And my pale pink tweed coat, which a stranger at a party said made me look like Nicole Kidman. I was carrying about ten kilos of new-baby fat at the time, and I hadn’t slept for two months. Not only can I not toss this wonderful coat out … I actually feel I owe it something.
But the things I’m struggling the most to get rid of are three A-line, floor length skirts. The heavy blue one I bought twelve years ago when I turned 30 and my then-boyfriend-now-husband pointed out that I was a grown up and had to stop wearing jeans to weddings. The light khaki green one has an abstract fabric outline of an impala’s head on the front, and it makes me think of the Kruger Park in winter. The third skirt is made of a satiny magenta patchwork-style fabric, which I thought was very classy until I saw a huge pile of cushions covered in exactly the same fabric at the China Mall in Main Reef Road. No matter. I can’t imagine many people around here would have been at the China Mall recently.
Anyway, the point is, I can’t get rid of these skirts because throwing them away is like throwing away a bit of my South African self. And I haven’t found anything Swiss yet to replace that.
I certainly haven’t seen any clothes as joyful here. The style in this part of Swissland is very understated: well made pieces in neutral colours; nothing either very short or very long; nothing with animal heads painted on the front*. If I want anything unusual I’m going to have to mobilise my import distribution channel (i.e. ask my mother) to send me some shweshwe fabric from the Plaza and then pay someone here to make it up for me. That solution has a nice fusion feel to it. It’s still my South African style but at Swiss prices. Winner!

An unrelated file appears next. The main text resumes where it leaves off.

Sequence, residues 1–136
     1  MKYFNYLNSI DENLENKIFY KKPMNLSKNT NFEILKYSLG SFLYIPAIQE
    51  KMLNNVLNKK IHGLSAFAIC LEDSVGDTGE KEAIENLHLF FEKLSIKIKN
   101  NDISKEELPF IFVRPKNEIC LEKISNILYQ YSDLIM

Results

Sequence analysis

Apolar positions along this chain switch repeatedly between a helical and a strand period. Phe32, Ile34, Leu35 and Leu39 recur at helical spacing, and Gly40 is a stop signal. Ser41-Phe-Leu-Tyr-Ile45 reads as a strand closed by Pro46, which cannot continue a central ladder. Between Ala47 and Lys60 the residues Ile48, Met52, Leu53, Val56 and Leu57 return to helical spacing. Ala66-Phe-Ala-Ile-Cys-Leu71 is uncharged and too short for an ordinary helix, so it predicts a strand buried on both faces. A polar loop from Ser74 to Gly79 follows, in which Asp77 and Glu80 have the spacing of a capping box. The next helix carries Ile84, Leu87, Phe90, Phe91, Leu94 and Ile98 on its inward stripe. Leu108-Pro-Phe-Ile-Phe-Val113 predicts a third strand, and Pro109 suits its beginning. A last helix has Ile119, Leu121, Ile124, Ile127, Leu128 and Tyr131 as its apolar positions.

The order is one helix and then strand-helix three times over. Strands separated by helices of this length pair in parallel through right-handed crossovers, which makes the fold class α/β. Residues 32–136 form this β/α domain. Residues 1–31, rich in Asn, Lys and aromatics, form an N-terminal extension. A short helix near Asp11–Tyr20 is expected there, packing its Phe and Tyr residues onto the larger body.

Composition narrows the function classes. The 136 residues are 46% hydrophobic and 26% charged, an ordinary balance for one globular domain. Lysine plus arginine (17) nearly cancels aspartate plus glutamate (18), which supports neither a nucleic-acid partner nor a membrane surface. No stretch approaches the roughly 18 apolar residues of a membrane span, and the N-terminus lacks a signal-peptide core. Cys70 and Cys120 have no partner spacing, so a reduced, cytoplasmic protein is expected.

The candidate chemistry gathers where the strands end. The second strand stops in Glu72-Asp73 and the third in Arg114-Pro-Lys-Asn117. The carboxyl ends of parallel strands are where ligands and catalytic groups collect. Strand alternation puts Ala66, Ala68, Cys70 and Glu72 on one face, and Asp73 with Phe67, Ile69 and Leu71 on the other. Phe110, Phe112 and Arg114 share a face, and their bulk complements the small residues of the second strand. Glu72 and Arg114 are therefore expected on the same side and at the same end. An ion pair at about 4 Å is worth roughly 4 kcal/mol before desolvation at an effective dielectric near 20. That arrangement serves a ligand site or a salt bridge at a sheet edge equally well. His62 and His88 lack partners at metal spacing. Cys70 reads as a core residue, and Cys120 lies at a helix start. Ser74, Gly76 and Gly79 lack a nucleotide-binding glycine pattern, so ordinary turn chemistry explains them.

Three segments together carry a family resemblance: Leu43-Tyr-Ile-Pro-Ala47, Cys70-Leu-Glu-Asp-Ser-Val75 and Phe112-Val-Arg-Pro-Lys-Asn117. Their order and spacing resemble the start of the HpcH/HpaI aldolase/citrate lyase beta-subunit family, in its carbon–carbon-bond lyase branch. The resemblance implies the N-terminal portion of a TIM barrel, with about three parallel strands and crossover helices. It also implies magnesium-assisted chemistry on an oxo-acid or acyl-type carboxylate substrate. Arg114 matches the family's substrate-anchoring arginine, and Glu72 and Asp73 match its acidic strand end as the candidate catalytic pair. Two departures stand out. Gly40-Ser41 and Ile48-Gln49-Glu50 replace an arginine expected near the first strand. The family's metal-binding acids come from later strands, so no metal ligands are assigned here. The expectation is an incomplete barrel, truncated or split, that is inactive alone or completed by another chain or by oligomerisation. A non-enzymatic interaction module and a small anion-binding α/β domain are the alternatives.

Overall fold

And my old skirts? Maybe the solution is to turn them into museum pieces. A few years ago my mother gave me two of her evening dresses from the 70s. One is hot purple, skin tight, slit to the thigh and heavy with fake gold embellishments. The other is even tighter with black and white stripes.
I’m never going to wear either of these dresses but I keep them because they remind me that my mother had a life apart from me once, a self I had no idea about. Who on earth was this mother-creature who went out at night and showed off her legs in tight purple dresses? The mother I know thinks wearing open-toed sandals is daring.
And where did she go to, once she was all dressed up? Did she dance? Did she have a drink or two, laugh too loudly, embarrass my father? I’d like to think so.
So maybe I’ll hold onto my skirts and give them to my daughters one day. They can hang them in their wardrobes and wonder what my life was like all those years ago, back before I was ‘Mom’. Back when I was still young and living dangerously** in beautiful, insanely complicated South Africa. Back when I really thought I knew who I was, and who I was going to become.


* Of course I’m talking about chain stores. You can get anything you want at the boutiques in Geneva but I’d feel bad blowing our annual food budget on a skirt.


** I lived in the suburbs of Joburg. Ergo